Anonymous said...

"...should realize just how many Americans are actually voluntarily donating their guns and weaponry at TSA checkpoints all across the nation...."

Do you know if the guns are being removed from their owners? Or are they being returned after LEO questioning? The TSA doesn't seem to track that bit of info, do they?

Anonymous said...

I continue to wait for some justification for active duty military being included in pre-check, but not retired military or holders of current DoD or LE background investigations. military retirees have at least 20 years documented service to this Nation, pretty much proving their lack of risk. both DoD and LE background investigations should reveal any risk factors. active duty military do not, necessarily, have a background check or any significant length of service. neither citizenship nor a background investigation is required to enlist in the military, in fact there are likely illegal immigrants serving. if it is really about safety, then why are potentially unscreened non-citizens allowed through? sounds like it is just pandering to an admirable group to get PR, not adjusting the rules to ease screening on those who present a lower likelihood of threat.
Let me be clear: pre-911 screening should be the norm. it is all that is required, now that cockpit doors have been reinforced and locked, and flight crews and passengers know that the rules have changed and passivity=death. however, if we are going to continue this massive waste of tax dollars on security theatre, at least have _some_ of the rules make sense. now you're even allowing college kids (kaydets) to endure more reasonable screening, but those who served and sacrificed for 20+ are out of luck.

RB said...

More proof that the TSA's blotter team chooses not to be ethical nor professional.

Screenshot taken.

October 31, 2015 at 8:09 PM

.................
No one drawing a TSA pay check can be accused of having any ethics or of being a professional.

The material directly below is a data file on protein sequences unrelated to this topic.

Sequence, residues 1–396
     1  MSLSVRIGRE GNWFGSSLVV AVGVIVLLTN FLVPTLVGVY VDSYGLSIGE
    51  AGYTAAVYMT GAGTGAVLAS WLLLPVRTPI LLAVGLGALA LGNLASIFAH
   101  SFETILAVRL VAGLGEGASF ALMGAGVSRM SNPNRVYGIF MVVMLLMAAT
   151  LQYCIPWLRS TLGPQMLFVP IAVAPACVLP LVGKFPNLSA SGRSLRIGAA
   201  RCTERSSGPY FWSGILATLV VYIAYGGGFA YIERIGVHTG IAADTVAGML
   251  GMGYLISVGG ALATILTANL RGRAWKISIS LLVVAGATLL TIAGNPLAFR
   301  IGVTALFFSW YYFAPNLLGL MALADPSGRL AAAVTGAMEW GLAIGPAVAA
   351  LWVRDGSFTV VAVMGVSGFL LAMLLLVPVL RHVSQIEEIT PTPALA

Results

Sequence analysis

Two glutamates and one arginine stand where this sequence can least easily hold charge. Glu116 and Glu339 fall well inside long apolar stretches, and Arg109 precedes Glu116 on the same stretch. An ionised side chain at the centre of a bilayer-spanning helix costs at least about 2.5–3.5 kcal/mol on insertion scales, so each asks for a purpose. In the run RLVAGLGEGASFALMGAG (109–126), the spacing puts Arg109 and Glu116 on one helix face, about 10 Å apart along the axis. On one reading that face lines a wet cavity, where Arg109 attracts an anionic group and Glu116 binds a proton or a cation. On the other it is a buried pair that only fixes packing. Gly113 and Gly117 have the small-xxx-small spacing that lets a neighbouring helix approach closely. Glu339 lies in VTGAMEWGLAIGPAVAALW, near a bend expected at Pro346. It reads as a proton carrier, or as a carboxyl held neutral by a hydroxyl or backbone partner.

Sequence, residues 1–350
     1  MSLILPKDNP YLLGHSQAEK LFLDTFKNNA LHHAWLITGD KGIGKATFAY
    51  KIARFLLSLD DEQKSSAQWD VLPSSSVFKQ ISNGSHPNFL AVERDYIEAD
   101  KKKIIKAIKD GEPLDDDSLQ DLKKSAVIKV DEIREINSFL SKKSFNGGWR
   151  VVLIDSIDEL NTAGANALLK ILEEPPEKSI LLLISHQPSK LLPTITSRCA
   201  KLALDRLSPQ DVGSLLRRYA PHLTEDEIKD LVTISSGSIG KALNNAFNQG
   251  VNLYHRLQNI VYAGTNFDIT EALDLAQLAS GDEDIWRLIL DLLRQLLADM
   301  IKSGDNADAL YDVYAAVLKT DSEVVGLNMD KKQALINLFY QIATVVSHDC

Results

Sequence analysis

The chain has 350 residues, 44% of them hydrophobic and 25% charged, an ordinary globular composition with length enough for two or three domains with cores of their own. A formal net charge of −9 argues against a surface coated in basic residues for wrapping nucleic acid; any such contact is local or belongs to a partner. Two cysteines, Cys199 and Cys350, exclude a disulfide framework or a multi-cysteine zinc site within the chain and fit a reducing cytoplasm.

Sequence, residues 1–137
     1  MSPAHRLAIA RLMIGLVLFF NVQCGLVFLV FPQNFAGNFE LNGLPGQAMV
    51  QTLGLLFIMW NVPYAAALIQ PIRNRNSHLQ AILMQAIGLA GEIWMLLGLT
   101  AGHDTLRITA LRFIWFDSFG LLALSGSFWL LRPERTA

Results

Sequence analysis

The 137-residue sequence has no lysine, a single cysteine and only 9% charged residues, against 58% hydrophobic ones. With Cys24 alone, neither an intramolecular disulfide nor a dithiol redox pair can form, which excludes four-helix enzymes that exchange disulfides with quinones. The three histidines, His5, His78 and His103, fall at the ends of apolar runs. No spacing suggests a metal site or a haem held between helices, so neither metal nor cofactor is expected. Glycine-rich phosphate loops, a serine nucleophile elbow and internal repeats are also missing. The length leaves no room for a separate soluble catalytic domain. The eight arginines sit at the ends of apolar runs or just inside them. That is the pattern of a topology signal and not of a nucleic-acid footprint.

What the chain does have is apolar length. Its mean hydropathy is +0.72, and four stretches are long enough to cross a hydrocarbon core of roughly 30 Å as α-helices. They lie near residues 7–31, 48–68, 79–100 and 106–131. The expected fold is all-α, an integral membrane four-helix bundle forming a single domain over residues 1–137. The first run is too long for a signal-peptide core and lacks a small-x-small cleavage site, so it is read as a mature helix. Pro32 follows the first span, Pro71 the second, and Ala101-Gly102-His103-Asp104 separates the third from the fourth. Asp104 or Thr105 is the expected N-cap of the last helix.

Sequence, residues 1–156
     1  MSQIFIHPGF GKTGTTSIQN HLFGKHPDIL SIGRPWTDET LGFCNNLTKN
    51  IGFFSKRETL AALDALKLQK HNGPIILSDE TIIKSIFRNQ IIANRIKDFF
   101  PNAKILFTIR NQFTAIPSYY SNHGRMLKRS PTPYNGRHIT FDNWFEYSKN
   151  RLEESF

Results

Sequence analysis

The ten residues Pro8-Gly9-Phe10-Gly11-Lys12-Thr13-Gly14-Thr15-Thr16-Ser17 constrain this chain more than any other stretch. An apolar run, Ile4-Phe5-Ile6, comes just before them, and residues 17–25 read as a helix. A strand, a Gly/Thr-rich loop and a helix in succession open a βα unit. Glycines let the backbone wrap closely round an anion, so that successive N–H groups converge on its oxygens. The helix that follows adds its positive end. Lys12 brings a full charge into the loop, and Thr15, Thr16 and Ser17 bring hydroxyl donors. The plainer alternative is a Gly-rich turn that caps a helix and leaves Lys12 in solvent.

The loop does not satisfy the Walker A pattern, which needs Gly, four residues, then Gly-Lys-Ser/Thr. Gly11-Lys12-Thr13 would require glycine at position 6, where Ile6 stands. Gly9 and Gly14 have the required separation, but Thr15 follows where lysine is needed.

Anonymous said...

Ah, finally comments are posted. How many valid ones were deleted, West?

HyperBobic said...

Oh no, TSA blotter team, your cheerleader is losing faith in your hard work every week!


On November 2, 2015 at 10:26 AM, in response to a commenter who said the American public expects the TSA blotter team to do their job accurately, Bold TSApologist said "...you demand accuracy from TSA with regards to irrelevant pictures..."

What???? Bob's hard work every single week to post a bunch of gun pictures to the TSA blotter, over on Instagram, and then getting his dozen or so TSA Twitter accounts to tweet about these same Instagram and blotter gun pictures is IRRELEVANT?????

Bob, that must be a big blow. Your strongest supporter says all that time you spend posting those pictures means NOTHING!!!!

What are you going to do now, Bob? Hope your manager doesn't see this!!!

RB said...

David Stroud said...
That is very scary.

October 31, 2015 at 12:15 PM
.......

Yes, it is scary knowing that TSA has been proven to miss 95% of target items.

And we pay $8,000,000,000.00 yearly for a TSA who only gets it right 5% of the time.

Lauren said...

How many people are stubborn and no matter how many TSA reminders about firearms and other prohibited things. Those travelers are deaf and still bring what is prohibited.

GSOLTSO said...

RB sez - "Any speculation on the higher number of guns found recently? "

Not really, I have no specific data or info that indicates a single reason. It could be a combination of factors, a process change, more people in general carrying weapons into the checkpoints (whether intentionally or unintentionally).